Dual Footprints, Part 6 – Commitment to Grow & Develop

Mentoring and Commitment

At this point in the series on mentoring, it would be well to review the definition of commitment, which is “a pledge or promise; obligation.”1

Common sense dictates that a person who desires mentoring would be committed to the process, but that is not always the case. The mentee may faithfully commit to meeting with the mentor, but the mentee may not commit to taking actions necessary to grow, develop, and transform into a better person, family member, employee, or citizen.

On the other hand, there are mentees who may be defensive at first, but they work to overcome their hurdles, and then transform into people of stronger character.

Does That Really Happen? Yes!

  • Polly Procrastinator arrived for the meeting on time, claimed that she wanted to grow, and desired to change careers, but she never took the necessary actions to make her situation better.
  • Donny Disputer met with me because he wanted to do better in the fire department promotional process. As I reviewed my observations of him and his answers after an interview he participated in, this individual wanted to argue with me and dispute what I saw and heard.

Polly Procrastinator

The world of fear and comfort trapped Polly Procrastinator in a family-owned business. Fear that she could never do the same job in another corporation. Fear that she would anger her father who founded the company. There was a level of comfort because she had a guaranteed paycheck with benefits, but she also feared losing both.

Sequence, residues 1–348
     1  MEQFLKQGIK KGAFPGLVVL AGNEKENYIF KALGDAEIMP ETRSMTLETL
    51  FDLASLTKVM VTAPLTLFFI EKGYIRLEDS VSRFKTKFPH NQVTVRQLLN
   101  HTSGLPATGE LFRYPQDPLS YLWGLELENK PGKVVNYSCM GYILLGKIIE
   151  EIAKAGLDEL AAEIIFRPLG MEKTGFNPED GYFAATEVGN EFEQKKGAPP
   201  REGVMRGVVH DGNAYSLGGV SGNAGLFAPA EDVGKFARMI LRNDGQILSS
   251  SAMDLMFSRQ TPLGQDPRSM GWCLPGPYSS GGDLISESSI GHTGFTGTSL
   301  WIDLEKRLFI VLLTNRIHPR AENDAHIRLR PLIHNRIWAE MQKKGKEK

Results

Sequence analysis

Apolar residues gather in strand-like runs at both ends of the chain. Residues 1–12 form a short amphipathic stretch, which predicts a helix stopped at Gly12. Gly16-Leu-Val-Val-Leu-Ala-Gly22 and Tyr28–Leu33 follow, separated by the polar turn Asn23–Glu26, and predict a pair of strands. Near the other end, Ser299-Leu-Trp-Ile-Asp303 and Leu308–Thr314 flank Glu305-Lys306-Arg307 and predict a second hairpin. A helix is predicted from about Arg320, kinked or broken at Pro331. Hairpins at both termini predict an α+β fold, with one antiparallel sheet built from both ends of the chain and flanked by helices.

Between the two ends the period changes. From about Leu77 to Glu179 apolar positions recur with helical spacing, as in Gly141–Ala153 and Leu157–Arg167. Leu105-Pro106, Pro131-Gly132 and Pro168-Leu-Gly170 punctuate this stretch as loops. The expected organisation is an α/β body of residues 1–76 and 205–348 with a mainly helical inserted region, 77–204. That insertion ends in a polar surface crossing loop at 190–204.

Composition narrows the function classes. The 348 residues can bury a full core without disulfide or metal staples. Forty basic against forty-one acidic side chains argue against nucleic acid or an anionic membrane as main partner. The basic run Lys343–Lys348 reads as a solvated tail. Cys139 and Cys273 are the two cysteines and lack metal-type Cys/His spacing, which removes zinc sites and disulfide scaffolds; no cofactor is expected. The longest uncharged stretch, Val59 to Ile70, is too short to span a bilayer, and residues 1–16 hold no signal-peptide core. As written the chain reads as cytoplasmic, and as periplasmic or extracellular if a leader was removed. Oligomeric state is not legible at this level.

Donny Disputer

Donny desired promotion to the next level in the fire department, but initially he resisted hearing the truth that his performance and answers during the interview were subpar. As he attempted to argue with me, I informed Donny that our conversation would end. Donny took a breath, apologized, listened to what I said, and he took notes. Donny now serves in another fire department at the chief officer level.

What’s The Difference Between Polly and Donny?

The difference between the two is not only a level of commitment and self-awareness, but one engaged in the “Law of Intentionality” which states, “growth doesn’t just happen.”2 Another difference is that Polly has miserably meandered through life while Donny transformed into a person of stronger character with a successful career.

What About You?

Where do you fit into the spectrum of personal growth, development, and transformation? Are you Polly Procrastinator or Donny Disputer? What holds you back from developing your skills as a mentor?

Effective coaching can help you improve your skills and abilities as a mentor and reinforce your ability to make commitments. Contact me at [email protected] and visit my website at www.fireofficerleadershipacademy.com.

1 Commitment Definition & Meaning | Dictionary.com

2John C. Maxwell, The 15 Invaluable Laws of Growth (New York: Hachette Book Group, 2012), 1

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